The Silent Epidemic of Teen Dating Violence

Photo Credit: Google Images

Photo Credit: Google Images

Sarah Honeycutt, Staff Writer

   Lauren, a 2011 graduate of Wayland High School was planning to attend Elon University in North Carolina. She was a successful tennis player, an A cappella singer, and a French horn player in the Metrowest Youth Symphony Orchestra. Her friends and family remember her as a confident young woman, full of energy, hope, and compassion toward everyone around her.

   Three years earlier, she began dating Nathaniel, a fellow student at Wayland. Nathaniel was a celebrated wide receiver who was being recruited by Trinity College to play football.  Their relationship was described as a “roller coaster,” constantly fighting, breaking up and getting back together. In an interview on 48 Hours, their high school friends described Nathaniel as being “possessive” and “obsessed.” He would get angry and jealous if Lauren talked to other guys and was continually looking through her phone.

   During her senior year, Lauren finally made the decision to end their relationship for good. Nathaniel had stopped hanging out with friends, began drinking and smoking pot daily. On July 3, 2011, Lauren went to see her ex-boyfriend to help him through this tough time. Later the same evening, Nathaniel brutally murdered Lauren.

   According to loveisrespect.org, 1.5 million high school students experience dating abuse each year. February has officially been recognized as Teen Dating Violence Awareness and Prevention Month. Christina-Marie Santillan, National Community Organizer at Break the Cycle, stated “one in three teens will experience some form of abuse from a partner before they become adults. Two thirds of those victims will never report the crime. Dating abuse is a silent epidemic – it’s just as serious as domestic violence. It’s important to teach teens how to recognize abuse and where to get help should they ever need it.” Speaking out and reporting incidents of abuse will help prevent future acts of violence.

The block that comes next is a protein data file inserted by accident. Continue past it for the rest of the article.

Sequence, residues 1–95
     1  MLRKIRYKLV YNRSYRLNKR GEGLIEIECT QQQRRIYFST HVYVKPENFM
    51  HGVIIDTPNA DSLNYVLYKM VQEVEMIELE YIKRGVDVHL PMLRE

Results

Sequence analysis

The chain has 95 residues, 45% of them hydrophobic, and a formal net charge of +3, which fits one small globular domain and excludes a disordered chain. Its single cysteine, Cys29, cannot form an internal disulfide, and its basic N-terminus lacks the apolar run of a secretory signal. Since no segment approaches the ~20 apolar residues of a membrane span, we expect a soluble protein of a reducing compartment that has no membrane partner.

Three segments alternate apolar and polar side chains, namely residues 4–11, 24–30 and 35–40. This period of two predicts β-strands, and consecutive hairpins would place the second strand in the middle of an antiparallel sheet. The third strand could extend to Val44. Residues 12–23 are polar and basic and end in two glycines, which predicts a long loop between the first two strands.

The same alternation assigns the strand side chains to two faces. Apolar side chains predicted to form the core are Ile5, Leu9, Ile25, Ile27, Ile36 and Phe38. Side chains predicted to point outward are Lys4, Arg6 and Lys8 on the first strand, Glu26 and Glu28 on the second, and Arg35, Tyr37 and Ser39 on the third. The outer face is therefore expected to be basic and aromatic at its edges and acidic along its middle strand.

Santillan explains, “Dating abuse is a pattern of behaviors used to exert power and control over a dating partner. There are four main types of abuse – emotional and verbal, sexual, digital, and physical abuse.” Learning to recognize these behavior patterns is the first step in getting the necessary help to protect yourself and others from any potential threat.

   There are many warning signs of an abusive relationship. Such signs may include jealousy or isolation, restricting you from talking or hanging out with friends, name calling or put downs, and demanding passwords or monitoring your internet use.

   Those who have to stand by and watch a friend go through an abusive relationship also experience the struggles and fear dating violence can bring. Since you are not directly involved you may feel like you do not know how to help them. Many people “wonder why a person wouldn’t just leave. They don’t understand that breaking up can be more complicated than it seems.”

   It is important to be supportive, listen patiently, acknowledge their feelings, and be respectful of their decisions. “There are many reasons why both men and women stay in abusive relationships. If you have a friend in an unhealthy relationship, support them by understanding why they may choose to not leave immediately,” (loveisrespect.org). The decision to leave an unhealthy relationship can only be made by the person who is experiencing the abuse. Even if you cannot directly change or fix their situation, there are various steps you can take to help your friend stay safe. Connect them to the resources in their community that can give them the necessary information and guidance.

   If you or a friend is in an abusive relationship or is a victim of dating abuse, it is important to realize that you are not alone. You can reach out to an adult you trust – such as a parent or school counselor. You can also go to loveisrespect.org and participate in a live chat, call 1-866-331-9474, or text “loveis” to 22522. Here you can talk to a trained peer advocate. Resources are available to help you stay safe, build a support system, access legal protection and more. From the National Respect Announcement, “Remember, love has many definitions, but abuse is not one of them.”